Photos - Nick Pitsas
The Melbourne International Jazz Festival yearly lures musicians of worldwide reputation to this city to play for jazz lovers and to interact with our local musicians. Amongst the many special events and visitors in 2010 is Mulatu Astatke, world-renowned musician, composer and arranger from Ethiopia. This is his first ever visit to Australia and for his two performances he was on stage with the local group The Black Jesus Experience.
Astatke is known as the father of Ethio-Jazz – his own distinctive blend of traditional Ethiopian melodies with jazz and Latin music. Born in Ethiopia in 1943 Astatke trained in the UK and the US and was the first African student to attend Berklee College of Music in Boston. A multi-talented musician (vibraphone, conga and percussion), composer and arranger, he has performed across the world and was a guest artist with the Duke Ellington orchestra when they visited Ethiopia in 1971. Popularly he is possibly best know for his score for Jim Jarmusch's 2005 film Broken Flowers.
Astatke's key instrument is the vibraphone and, under the magical touch of his talented hands, the mallets caused the instrument to hum, sensual and evocative, sending the musical vibrations into every part of the body. As a music lover rather than a practicing musician, I don't find myself in a position to comment on the finer points of the performance, but what I can say, as a jazz lover in particular, is that I found the music highly distinctive and constantly surprising. One minute I found myself in Africa with driving percussive rhythms incorporated in the jazz evoking images of African dance; at others I was in a smokey nightclub in a Latin American city watching the sensual moves of cha cha dancers. Then I was suddenly somewhere in Arabia, with the haunting notes of a flute.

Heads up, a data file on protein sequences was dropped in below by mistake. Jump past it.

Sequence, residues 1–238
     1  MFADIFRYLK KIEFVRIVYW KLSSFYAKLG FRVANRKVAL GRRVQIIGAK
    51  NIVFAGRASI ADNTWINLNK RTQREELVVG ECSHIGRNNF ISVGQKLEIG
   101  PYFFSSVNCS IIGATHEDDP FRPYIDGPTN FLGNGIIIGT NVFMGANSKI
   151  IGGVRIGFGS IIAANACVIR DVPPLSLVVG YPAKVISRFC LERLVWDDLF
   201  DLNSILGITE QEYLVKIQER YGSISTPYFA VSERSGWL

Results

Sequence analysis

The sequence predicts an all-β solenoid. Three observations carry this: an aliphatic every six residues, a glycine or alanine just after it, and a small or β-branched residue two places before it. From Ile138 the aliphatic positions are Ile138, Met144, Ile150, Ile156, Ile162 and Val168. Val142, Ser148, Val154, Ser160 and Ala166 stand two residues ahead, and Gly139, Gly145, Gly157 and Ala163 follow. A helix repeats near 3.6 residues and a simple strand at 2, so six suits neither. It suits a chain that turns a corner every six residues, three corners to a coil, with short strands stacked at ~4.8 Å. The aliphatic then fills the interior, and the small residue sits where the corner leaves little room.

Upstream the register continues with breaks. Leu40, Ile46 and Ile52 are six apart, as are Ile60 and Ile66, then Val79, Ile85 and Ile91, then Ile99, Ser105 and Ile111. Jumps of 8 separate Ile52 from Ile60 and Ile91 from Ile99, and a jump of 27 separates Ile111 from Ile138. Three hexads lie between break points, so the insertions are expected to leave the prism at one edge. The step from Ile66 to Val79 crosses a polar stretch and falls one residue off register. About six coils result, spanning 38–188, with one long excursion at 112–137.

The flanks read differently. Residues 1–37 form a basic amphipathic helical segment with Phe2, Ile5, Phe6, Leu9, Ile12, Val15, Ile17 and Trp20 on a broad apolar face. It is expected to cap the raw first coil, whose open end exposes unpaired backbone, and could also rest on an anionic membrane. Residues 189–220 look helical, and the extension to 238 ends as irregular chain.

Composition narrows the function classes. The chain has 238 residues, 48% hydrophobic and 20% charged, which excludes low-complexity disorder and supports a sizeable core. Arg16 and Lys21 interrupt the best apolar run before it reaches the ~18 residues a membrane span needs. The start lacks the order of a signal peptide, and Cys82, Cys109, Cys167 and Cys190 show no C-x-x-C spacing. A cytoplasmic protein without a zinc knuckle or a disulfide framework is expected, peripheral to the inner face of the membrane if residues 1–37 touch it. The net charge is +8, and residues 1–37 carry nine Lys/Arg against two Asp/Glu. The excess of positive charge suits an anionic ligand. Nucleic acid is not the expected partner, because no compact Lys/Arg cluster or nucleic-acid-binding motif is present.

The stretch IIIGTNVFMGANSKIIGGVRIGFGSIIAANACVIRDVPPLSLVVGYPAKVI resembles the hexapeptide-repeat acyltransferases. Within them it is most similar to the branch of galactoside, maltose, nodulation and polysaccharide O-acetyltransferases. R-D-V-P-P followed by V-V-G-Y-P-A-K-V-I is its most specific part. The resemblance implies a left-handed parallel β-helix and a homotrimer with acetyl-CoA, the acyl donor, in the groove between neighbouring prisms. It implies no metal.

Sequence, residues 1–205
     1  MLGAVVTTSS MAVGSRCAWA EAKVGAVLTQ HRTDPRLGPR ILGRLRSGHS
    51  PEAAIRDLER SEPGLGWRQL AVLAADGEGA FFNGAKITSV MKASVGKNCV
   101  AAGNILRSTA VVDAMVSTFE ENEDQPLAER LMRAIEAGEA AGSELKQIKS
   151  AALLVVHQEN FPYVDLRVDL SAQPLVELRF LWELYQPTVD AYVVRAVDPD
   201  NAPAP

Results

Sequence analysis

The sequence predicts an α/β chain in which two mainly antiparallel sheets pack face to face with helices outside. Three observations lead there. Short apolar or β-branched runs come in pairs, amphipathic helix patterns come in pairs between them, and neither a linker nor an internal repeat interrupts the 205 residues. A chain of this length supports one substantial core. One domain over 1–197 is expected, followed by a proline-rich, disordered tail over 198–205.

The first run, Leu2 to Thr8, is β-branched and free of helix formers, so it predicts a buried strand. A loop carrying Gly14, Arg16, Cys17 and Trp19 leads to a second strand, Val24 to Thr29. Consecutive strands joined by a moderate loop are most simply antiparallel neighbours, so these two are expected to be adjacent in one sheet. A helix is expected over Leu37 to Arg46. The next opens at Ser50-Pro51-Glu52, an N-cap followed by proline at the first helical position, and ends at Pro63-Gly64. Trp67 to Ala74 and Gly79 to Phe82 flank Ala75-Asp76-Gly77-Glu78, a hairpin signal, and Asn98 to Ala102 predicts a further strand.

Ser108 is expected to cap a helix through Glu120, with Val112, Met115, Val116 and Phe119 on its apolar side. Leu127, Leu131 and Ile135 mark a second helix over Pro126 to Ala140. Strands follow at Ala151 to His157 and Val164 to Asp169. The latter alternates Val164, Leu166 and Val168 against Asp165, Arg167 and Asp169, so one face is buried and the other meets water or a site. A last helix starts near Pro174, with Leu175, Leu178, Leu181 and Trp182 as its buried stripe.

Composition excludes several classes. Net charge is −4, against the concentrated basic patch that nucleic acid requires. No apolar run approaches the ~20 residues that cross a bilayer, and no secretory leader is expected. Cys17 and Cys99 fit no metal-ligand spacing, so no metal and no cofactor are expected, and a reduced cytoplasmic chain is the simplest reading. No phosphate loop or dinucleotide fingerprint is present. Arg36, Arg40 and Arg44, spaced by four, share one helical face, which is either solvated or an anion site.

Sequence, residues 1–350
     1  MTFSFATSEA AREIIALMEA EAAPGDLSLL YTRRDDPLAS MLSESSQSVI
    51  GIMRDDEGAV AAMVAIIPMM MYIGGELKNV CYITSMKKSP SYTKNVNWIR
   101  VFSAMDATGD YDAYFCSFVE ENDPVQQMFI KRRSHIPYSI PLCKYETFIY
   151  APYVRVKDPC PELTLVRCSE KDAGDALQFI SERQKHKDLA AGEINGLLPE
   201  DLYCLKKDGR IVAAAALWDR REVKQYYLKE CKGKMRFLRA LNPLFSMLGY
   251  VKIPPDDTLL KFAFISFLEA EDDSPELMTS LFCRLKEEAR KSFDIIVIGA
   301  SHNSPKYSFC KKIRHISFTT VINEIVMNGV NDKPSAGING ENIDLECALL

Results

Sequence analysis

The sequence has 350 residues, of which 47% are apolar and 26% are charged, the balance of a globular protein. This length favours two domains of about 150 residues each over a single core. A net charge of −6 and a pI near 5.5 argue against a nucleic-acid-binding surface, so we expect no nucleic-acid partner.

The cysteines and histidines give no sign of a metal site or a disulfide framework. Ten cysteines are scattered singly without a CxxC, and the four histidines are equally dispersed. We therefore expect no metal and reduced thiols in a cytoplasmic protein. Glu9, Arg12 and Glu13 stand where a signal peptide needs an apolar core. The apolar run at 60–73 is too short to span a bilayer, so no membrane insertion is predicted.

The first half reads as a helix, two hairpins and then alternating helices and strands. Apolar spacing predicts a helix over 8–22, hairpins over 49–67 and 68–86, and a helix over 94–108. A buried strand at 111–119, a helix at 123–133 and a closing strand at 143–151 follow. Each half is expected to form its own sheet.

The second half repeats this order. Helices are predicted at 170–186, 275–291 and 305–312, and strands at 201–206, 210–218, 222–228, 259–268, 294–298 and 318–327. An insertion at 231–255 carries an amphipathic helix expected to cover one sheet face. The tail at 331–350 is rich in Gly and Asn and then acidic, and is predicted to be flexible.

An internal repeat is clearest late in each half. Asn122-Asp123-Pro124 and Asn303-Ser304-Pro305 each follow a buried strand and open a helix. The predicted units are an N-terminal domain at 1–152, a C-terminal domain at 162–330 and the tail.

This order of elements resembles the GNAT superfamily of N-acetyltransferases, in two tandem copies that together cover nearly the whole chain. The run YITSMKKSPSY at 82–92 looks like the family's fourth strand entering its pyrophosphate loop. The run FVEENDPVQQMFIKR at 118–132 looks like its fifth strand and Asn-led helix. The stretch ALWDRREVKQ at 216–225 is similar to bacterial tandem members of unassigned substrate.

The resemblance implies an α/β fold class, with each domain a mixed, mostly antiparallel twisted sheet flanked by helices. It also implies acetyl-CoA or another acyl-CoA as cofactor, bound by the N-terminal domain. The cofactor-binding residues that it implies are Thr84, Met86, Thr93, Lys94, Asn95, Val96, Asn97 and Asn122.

I wasn't able to secure a playlist and often couldn't quite hear Astatke's introductions, however many, if not all of the pieces where his own compositions, including the one he wrote for himself, Mulatu (this man has a sense of humour) and two pieces from his soundtrack for Broken Flowers.
Joining Astatke were James Arden on saxophone and Melbourne based Hip Hop/Jazz/Afro ensemble, The Black Jesus Experience, featuring Peter Harper on alto sax, Ian Dixon on flugelhorn, Thai Matus on keyboard, Nashua Lee on guitar, Cassawarrior on bass, Pat Kearney on drums, and Souren Tchakerian on percussion. They formed a magical mix of relative youth and wide experience and brought with them the influences of their varied home countries including Ethiopia, New Zealand and Australia. True to the jazz tradition, they each seemed to revel in the collaboration and drew the audience in to savour every element of the performance. Ethio-Jazz as played by these talented musicians, makes it impossible to stay still. Feet at least must tap, in some cases seated bodies sway and others in the audience cannot resist the temptation to stand up and dance in the aisles.
If you missed the performances, you are still able to enjoy Astatke's music, much of which has been re-released through the Ethiopiues series. Fortunately for us The Black Jesus Experience are locals and you will be able to catch one of their performances somewhere close to you. And the Festival itself continues until Saturday 8 May.
2010 Melbourne Jazz Festival
with The Black Jesus Experience
Venue: The Forum
Dates: Sun 2 & Mon 3 May at 8.00pm
Tickets: $72 full, $65 concession
Bookings: Ticketek ticketek.com.au